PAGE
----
The Death of Daily Fantasy: Welcome to the Beginning of the End
You can blame it on those damn ads.
The daily fantasy sports industry faces a crucible of various legal challenges that could result in anything from slight regulation of the billion-dollar business to its all-out collapse. The latest marker includes New York Attorney General Eric Schneiderman’s call for daily fantasy giants DraftKings and FanDuel to cease operations in the state, which, in and of itself, could deal a crippling blow to business.
Operators face a confluence of legal obstacles that include the Nevada Gaming Control Board’s recent ruling that daily fantasy is no different than gambling, a growing number of class-action lawsuits from New York to Florida against them, the intense scrutiny in some state legislatures as to how to deal with the growing industry and Schneiderman’s letter this week, which demanded the companies stop accepting wagers from New York residents, and gave them five days to comply with his orders.
“They all share the same connective tissue of being brought about by the rapid growth of daily fantasy sports. I think if that growth would have happened in a more organic way, stretched over a number of years, you wouldn’t see necessarily the confluence of those factors at this particular point in time,” says Chris Grove, the editor of LegalSportsReport.com. “I think, in many ways, the advertising campaigns served maybe not as a trigger for these efforts, but certainly as fuel. It may not be the factor for why each one of these [legal challenges] exists, but it’s certainly a reason why they are all coming to a head simultaneously.”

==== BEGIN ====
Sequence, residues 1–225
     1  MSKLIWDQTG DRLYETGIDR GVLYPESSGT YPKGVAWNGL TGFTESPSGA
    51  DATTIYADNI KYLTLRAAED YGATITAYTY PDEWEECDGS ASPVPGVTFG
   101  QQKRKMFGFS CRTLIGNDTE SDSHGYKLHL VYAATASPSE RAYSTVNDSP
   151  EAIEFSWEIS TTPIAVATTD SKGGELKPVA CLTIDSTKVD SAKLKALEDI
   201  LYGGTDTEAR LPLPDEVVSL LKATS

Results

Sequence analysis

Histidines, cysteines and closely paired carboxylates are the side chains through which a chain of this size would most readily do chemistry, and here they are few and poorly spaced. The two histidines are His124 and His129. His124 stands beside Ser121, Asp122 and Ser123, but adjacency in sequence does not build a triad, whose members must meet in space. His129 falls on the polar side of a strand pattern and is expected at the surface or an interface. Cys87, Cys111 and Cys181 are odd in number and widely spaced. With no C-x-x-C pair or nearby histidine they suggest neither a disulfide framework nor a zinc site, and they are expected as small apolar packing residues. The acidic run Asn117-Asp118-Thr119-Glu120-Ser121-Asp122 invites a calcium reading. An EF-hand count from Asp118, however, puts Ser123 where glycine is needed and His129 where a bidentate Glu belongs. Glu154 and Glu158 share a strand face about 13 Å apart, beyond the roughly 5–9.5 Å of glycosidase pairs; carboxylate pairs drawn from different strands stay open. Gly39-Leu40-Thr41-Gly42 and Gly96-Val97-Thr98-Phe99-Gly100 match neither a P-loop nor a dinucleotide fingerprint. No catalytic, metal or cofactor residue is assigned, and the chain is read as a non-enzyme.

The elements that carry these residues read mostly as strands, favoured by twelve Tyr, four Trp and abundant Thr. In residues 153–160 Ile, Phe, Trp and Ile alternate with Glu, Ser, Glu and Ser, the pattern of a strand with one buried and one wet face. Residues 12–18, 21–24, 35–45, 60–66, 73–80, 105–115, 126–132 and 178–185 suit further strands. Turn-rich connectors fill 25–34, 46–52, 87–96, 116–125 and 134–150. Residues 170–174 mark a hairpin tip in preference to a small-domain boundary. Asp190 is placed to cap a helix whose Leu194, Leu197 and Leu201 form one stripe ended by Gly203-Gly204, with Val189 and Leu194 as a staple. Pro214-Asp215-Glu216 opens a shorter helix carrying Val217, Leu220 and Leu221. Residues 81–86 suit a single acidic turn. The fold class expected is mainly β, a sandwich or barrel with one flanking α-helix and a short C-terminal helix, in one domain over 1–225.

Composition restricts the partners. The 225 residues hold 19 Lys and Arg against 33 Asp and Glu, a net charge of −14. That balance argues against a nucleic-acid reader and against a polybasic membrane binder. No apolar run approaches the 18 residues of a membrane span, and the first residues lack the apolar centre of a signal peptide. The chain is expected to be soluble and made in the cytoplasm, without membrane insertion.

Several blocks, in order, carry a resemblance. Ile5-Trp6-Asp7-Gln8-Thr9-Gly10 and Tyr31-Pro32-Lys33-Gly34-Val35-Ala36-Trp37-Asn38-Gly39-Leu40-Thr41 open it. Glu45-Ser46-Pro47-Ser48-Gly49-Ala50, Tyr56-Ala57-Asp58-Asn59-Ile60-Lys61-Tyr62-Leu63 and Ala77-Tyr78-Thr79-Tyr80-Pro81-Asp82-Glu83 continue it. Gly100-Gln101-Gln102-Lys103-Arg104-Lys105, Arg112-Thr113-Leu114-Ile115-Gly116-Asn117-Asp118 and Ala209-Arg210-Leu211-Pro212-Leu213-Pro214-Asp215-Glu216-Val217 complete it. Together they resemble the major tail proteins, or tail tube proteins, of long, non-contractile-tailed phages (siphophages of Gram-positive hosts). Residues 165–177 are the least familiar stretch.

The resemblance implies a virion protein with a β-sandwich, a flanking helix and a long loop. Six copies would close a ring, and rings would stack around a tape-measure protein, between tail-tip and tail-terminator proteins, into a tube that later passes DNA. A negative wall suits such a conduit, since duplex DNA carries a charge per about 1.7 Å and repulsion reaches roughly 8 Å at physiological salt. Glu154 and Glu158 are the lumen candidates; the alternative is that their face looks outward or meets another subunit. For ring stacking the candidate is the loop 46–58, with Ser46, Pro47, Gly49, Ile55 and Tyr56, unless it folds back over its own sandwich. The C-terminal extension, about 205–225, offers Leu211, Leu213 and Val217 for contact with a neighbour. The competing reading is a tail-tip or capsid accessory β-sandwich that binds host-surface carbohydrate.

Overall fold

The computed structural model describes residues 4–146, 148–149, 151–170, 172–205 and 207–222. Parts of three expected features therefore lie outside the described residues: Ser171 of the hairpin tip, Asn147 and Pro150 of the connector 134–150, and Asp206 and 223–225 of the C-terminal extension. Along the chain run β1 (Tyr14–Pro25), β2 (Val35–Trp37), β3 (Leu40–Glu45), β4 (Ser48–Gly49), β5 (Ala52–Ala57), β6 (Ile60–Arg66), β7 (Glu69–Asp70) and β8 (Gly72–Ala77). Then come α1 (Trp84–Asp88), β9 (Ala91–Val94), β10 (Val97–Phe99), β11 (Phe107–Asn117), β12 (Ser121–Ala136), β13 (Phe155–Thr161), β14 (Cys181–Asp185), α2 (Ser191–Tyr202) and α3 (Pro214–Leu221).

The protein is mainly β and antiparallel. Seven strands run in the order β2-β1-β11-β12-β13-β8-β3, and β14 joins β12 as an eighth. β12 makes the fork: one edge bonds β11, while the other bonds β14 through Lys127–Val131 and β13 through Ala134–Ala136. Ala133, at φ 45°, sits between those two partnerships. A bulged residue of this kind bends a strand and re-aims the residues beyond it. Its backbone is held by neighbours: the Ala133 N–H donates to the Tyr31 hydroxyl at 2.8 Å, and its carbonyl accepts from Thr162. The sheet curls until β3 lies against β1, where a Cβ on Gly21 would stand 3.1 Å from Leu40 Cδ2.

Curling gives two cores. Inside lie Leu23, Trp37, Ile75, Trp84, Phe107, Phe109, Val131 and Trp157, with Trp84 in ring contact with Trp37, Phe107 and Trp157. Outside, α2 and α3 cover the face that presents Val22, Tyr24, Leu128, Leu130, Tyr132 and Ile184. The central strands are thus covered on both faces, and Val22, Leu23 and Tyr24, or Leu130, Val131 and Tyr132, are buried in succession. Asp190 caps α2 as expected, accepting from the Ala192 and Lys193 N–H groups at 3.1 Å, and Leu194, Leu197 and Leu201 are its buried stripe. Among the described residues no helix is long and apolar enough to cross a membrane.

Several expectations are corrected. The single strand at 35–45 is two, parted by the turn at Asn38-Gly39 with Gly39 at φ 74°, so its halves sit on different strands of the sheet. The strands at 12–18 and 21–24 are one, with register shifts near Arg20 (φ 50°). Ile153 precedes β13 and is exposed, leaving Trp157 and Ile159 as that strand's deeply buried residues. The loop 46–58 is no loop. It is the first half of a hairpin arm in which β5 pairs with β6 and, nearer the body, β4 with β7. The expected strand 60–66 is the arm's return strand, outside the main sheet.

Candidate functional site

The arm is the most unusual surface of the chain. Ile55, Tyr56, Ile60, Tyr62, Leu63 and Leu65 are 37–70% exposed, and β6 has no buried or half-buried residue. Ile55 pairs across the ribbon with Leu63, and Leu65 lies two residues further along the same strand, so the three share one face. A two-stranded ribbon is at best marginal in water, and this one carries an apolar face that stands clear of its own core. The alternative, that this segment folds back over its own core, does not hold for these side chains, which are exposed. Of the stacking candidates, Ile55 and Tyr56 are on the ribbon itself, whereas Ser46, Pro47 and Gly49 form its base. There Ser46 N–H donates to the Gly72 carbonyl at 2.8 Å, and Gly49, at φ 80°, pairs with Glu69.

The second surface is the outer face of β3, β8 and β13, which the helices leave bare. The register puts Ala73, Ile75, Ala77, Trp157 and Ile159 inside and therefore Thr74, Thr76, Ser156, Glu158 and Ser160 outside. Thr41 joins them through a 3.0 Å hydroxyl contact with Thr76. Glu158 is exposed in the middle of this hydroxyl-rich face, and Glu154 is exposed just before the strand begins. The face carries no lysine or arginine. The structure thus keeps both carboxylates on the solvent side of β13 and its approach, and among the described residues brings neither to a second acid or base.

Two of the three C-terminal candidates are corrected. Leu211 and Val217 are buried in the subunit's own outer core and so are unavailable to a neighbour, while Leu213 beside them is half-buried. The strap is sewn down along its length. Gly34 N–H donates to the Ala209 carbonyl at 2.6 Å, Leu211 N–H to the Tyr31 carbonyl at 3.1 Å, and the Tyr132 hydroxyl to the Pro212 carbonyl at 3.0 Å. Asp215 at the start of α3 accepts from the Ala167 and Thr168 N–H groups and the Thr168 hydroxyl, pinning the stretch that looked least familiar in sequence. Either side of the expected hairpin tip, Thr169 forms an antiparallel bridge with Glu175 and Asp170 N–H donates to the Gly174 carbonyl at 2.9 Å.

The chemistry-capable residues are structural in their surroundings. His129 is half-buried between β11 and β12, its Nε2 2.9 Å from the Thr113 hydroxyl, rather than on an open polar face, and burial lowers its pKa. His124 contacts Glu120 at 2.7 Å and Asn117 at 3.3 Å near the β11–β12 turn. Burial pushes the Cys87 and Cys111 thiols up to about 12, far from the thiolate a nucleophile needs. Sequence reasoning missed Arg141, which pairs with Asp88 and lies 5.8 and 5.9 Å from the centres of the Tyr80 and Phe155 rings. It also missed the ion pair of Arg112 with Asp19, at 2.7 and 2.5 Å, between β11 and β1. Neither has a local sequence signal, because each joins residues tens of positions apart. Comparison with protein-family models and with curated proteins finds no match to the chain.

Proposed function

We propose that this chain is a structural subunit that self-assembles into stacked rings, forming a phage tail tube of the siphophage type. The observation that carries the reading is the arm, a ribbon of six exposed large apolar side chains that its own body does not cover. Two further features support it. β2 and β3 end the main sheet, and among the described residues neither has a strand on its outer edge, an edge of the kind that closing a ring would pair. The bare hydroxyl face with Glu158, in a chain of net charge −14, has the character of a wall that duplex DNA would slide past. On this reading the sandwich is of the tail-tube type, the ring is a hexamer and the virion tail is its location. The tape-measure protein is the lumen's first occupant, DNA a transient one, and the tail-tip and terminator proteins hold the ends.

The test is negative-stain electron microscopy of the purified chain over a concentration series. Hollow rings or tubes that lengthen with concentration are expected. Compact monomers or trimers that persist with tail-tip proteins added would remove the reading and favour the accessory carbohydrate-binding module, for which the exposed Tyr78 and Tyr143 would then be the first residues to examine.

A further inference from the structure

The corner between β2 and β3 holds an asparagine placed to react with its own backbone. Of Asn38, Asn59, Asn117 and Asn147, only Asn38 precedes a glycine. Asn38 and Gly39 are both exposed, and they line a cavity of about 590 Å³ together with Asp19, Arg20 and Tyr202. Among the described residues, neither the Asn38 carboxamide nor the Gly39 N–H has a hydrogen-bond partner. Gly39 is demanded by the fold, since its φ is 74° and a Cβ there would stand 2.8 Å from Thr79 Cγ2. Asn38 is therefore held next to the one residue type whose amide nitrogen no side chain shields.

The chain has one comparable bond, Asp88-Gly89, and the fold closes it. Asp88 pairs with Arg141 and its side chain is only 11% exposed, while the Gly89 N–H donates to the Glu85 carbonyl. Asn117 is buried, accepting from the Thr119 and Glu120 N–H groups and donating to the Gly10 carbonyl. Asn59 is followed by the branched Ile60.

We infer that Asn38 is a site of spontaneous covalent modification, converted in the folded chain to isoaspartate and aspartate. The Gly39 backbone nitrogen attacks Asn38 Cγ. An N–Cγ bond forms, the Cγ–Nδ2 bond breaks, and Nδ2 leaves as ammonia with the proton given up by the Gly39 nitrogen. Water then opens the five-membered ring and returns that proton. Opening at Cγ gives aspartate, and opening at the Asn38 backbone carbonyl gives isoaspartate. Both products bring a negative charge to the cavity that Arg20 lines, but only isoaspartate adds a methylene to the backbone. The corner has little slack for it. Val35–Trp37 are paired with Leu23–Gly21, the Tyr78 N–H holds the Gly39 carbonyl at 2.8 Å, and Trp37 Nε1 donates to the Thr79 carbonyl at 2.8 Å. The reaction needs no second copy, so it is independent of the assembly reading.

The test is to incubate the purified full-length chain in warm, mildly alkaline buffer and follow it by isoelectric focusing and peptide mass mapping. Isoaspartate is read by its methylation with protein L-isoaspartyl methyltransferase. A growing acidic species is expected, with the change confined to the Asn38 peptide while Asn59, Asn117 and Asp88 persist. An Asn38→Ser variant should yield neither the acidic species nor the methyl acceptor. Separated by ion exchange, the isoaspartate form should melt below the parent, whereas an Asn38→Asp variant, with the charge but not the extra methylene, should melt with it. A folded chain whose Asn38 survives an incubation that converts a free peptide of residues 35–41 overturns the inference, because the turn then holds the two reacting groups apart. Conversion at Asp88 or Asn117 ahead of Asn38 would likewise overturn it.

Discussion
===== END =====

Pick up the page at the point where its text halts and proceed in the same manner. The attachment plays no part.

All four separate but equally impactful legal fronts have materialized in a relatively short span, and all have the industry fighting for its life in the courts. Daily fantasy has quickly and forcefully injected itself into popular culture, and that assault has made it an easy and newsworthy target for politicians and lawyers.
“The massive advertising spend by DraftKings and FanDuel created an atmosphere where one slip up, one mistake, caused the roof to cave in,” says Daniel Wallach, a sports and gaming legal expert and a shareholder at Becker & Poliakoff in Ft. Lauderdale, Florida.
That slip came with the revelation that DraftKings employee Ethan Haskell accidentally leaked data about player ownership percentages that was equated to insider trading, though many within the industry maintain the controversy was largely manufactured and the information was already available to players. Still, it didn’t smell right, and the accusations provided enough traction for future legal challenges to the industry and inquiries into its business practices.